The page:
2. Pingback: This week’s recommended blogs #4 | Czerulf's Thoughts

  3. The UK sits (geographically and politically) mid-way between the US and mainland Europe. This gives us a useful vantage point where we can see both alternatives.

    I think that you do have more freedom in the US compared with Europe. Perhaps most people don’t notice it. But if you are an entrepreneur, then it is much easier to succeed in the US. Americans should be careful, especially in their seemingly pathological hatred of the “one per cent”, or you will become like Britain where anyone who succeeds at anything (with the exception of football players) becomes an object of hate.


  4. Thanks, Steve. I think there is more entrepreneurial maneuvering space here in the U.S., but in terms of economic mobility in general, Germany, Japan, Australia, and the Scandinavian nations all rank higher in upward mobility, according to a recent U of Ottawa study. In fact, of all advanced countries, only the UK and Italy rank below us in upward mobility. I don’t know what that says about the UK. Here in the U.S., I think that the consolidation of so much wealth at the top (as you probably know, we have far greater economic inequality than in any advanced country) leaves us less wherewithal for mobility at the middle and bottom. In my opinion, only Fox news sees a pathological hatred of the 1% (outrage, however fabricated, drives ratings). The rest of us just think that when 80% of all new wealth since 1980 has gone to the top 1%, we could probably use some policy nudges to ensure that the middle class recovers at least some of the benefits of its own productivity. E.g., it’s no secret here that those years coincide with an enormous drop in top-tier tax rates. Would the world really come to an end if they went back to Clinton-era rates, which were still historically low, and which allowed us to generate a surplus instead of a deficit? Anyway, I will take your point of view under consideration, as it’s always nice to hear an outside voice. And our football players also are mysteriously relieved of scrutiny simply by virtue of being football players.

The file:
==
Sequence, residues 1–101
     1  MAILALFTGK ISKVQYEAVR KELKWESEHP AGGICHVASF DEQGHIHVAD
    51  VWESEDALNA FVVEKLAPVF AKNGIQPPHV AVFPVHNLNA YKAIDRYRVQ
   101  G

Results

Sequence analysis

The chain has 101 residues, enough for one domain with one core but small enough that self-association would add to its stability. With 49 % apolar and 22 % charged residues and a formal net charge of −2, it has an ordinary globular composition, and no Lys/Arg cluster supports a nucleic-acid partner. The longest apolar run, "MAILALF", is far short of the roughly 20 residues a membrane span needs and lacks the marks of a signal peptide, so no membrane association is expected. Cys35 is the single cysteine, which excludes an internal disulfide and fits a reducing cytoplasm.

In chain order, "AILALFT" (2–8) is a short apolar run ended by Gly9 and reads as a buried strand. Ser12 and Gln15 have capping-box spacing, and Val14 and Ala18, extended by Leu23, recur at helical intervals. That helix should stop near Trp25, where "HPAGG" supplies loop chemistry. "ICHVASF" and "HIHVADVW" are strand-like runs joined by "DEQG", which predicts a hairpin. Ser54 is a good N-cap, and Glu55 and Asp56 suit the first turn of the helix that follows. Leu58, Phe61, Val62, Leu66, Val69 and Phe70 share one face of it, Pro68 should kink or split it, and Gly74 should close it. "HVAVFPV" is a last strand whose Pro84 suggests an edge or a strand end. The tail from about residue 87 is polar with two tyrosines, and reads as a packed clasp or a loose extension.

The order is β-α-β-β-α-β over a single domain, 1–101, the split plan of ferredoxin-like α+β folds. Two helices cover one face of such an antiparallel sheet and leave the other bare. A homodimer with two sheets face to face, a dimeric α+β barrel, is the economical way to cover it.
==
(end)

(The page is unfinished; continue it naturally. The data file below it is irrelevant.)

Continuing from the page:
5. I essentially spent my time growing up navigating between America and Germany as a French citizen (with some other stuff thrown in for good measure). Wasn’t a fan of Germany, for various reasons, even though – had I chosen to – I woujd have been perfectly integrated. I’d even go out of my way as a teen to speak German with a deliberate American accent. Couldn’t do it in school, where everyone knew me, but it was easy with strangers. Because I’d make damn sure I wouldn’t be taken for a German. There are many factors why Germans embraced or loathed the U.S. and collectivism vs. individualism is definitely one of them.

    Liked by 1 person

    • Haha. Good story about your fake American-German accent. There are a few things I can poke fun at the Germans about, but overall I love it here and in my hitchhiking rambles through towns large and small, have found much kindness, generosity, and a friendly welcome to Americans. (Or, if I want to recapture your ambivalence despite the universally warm welcome I’ve received, I might say that they “loathe” Trump and some American policies, but embrace the individual Americans they meet on the street.)